Reminiscing and looking for signs of aging in the mirror it seemed like I had been another person who had lived in another world when I had last set foot in the People’s Republic. Memories of lush forests and the South China Sea seemed distant now, this China was not the same. Vast, remote, toxic and pale were the words that flashed across my mind as the plane circled the winter city, like crossing the surface of a crystallized moon, even the ashen buildings seemed to eradicate into the anemic soil.
Wakeup calls were always the same in this new China. Riot police would bark through loud speakers around 6am and then the clearances would begin. Not only had my former self ceased to exist but Old China would cease to exist too … by any means possible. Boots against concrete, the sound of crashing walls and then the pleading, the crying in languages I could only assume must have been Chinese. I wondered if we would be next. Even though my hotel was beautiful and the staff didn’t seem to bat an eyelid to the asbest cloud meandering through the alley I still wondered if I would be homeless. I did notice the ramschakle buildings surrounding us seemed a bit haphazard while my hotel was well planned and firm. The hotel gave me a card to show to the riot police who had blocked off our alley so that I could come and go. I had been charmed by the idea of staying in a hutong, a traditional low-rise section of the city. These old areas are snapshots of how Peking used to be. Little did I know this was the part of the city that was being razed to make way for the 21st Century.
The say everything in America is bigger but in China it is huge. Train stations felt like airports and the queues at security check points were on a daunting scale. These checkpoints were everywhere. One frozen morning while shuffling in a queue towards a checkpoint on the outskirts of the Forbidden City I glared at one of those regimented soldiers. She was grabbing a poorly dressed man by the scruff of the neck and that man, all he could seem to do was smile politely.
Mostly central Beijing is on a grid. The wide systematic boulevards seemed to stamp their muddy footprints across the downtrodden soul of the city. Lined by dank Socialist highrise or secretive office blocks, speeding traffic and choking fumes I couldn’t work out where the appeal lay within this futuristic city planning or the sanity of the city planners themselves. Once while sitting beside a memorial to Lenin and Marx I saw a man on a bicycle get run over by a Mercedes. The driver jumped out, stuffed some money into the man’s hand then drove off again. The modern city felt warlike. While walking I managed to cover great swathes of the city and preferred to stick to the lowrise hutongs, using my phone to map through the labyrinth of alleyways. The last traces of a human soul could still be found in those alleyways. I would delight in getting lost feeling like a ghost observing the Chinese life but in no way part of it. I knew no westerner could ever be fully accepted into China and I was at peace with that. The older sections felt recognizable, familiar. It was there in the low city that I loved Beijing most, red lanterns swaying in the moonlight, the sound of opera from the radio, insects being sold as snacks, old ladies in furs walking Pekinese (everyone seemed to have a Pekinese), laughter, the sweet delicious smell of bread, pockets of silence. I imagined little had changed in the genetic makeup of Beijing there. It had a magical aura that the rest of the city didn’t have. It had life.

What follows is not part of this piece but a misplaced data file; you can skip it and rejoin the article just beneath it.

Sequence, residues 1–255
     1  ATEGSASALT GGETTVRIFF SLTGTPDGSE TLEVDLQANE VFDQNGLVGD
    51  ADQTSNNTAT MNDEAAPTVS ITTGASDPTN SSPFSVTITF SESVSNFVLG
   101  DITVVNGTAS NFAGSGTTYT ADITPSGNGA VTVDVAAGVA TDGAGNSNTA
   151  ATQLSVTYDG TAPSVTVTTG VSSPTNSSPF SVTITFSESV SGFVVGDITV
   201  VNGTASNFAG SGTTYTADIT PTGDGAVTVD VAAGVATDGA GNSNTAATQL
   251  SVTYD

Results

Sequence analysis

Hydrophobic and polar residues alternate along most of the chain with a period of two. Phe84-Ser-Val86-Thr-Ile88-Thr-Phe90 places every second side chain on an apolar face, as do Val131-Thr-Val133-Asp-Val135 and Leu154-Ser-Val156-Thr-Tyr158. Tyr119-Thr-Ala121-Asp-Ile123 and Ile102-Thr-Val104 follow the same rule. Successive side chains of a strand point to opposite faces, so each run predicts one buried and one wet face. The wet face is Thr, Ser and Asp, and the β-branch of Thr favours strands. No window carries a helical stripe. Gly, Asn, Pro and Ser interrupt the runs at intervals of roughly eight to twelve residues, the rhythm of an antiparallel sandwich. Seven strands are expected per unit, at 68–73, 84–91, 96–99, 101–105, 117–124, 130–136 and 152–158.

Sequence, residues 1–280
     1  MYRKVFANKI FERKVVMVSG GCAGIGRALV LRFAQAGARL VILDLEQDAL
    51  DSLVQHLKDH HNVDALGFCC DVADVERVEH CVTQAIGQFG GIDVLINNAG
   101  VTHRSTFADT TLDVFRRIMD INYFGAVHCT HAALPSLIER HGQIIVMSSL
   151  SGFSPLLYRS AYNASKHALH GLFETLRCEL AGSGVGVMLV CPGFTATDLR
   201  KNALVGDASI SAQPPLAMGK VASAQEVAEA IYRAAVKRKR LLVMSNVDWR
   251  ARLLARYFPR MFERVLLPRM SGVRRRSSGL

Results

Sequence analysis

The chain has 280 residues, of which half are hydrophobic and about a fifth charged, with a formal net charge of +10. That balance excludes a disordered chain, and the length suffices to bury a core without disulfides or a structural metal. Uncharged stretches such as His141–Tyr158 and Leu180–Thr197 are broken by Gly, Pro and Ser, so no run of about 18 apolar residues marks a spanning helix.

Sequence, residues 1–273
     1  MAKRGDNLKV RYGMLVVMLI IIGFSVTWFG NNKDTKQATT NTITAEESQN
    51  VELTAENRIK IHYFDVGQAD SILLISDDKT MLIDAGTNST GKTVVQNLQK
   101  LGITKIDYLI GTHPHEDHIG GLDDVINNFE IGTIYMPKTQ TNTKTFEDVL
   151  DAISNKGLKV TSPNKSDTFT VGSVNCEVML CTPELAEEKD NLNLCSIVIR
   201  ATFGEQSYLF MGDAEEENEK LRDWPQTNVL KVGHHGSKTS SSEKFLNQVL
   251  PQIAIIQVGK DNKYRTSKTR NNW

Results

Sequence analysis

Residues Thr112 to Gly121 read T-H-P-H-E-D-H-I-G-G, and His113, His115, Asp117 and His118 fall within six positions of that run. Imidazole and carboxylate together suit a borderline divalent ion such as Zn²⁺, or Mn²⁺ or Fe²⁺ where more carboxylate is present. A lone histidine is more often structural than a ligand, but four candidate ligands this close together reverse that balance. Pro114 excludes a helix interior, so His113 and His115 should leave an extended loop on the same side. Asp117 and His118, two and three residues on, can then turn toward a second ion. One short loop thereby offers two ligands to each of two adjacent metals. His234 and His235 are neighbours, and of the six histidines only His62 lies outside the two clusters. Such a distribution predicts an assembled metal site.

I had decided to visit the Forbidden City. What is strange about Beijing is that if you want to visit Tian’anmen Square (which is open space) you have to go through security controls. I waited for over an hour in one, shuffling with the Chinese through the nippy frost. Now and then a baby would unceremoniously be placed into my arms for a photo, families lined up around me, they seemed to like my blonde hair and blue eyes. Once while standing a family had even positioned themselves behind me for a family portrait only I had my back to the lens which I thought odd.
Still China was alien. These interactions were minimal as if they didn’t see me at all, they didn’t know me. I was just another Nordic hologram, alien to their eyes that had to be captured on camera holding their offspring. Maybe it was seen to bring luck, maybe I would be framed and put on the wall of a shack in the most obscure parts of the country. China is like Japan. People are polite but still you feel no part of their society. I thought back to Iran, Romania, Peru, India, the places where I had amazing interactions with their citizens. I longed for a deeper human connection.
I have mixed feelings about Beijing. I had heard that the Communist Annual Conference was happening on Tian’anmen Square so maybe that was why security had been tightened. Maybe that was why there were many security controls. I had heard because of the conference industry had been put on hold to clear the skies and true, I had never saw the infamous toxic fog. Maybe with Communism the people still saw westerners in some ways as an enemy and that is why interaction were to a minimum.
The Chinese are so far off from my world, to me as pale and remote as the landscapes they inhabit. As the plane took off I left memories of The Lover and China behind. I was heading towards the Middle East unbeknown to me towards the city of my dreams, towards the city of my future, Cairo.
I am writing to you from a TV production company in Spain. Could we use a snippet of your YouTube video in China for a report? Write to me at this email and I will explain in detail.
Thank you very much and greetings!
I came across your blog, an expected to read about Beijing. Instead, I ended up reading a very fascinating autobiography. You are very brave, and achieved a lot since you were a 17 year old. Looking forward to your next post, on Cairo!!!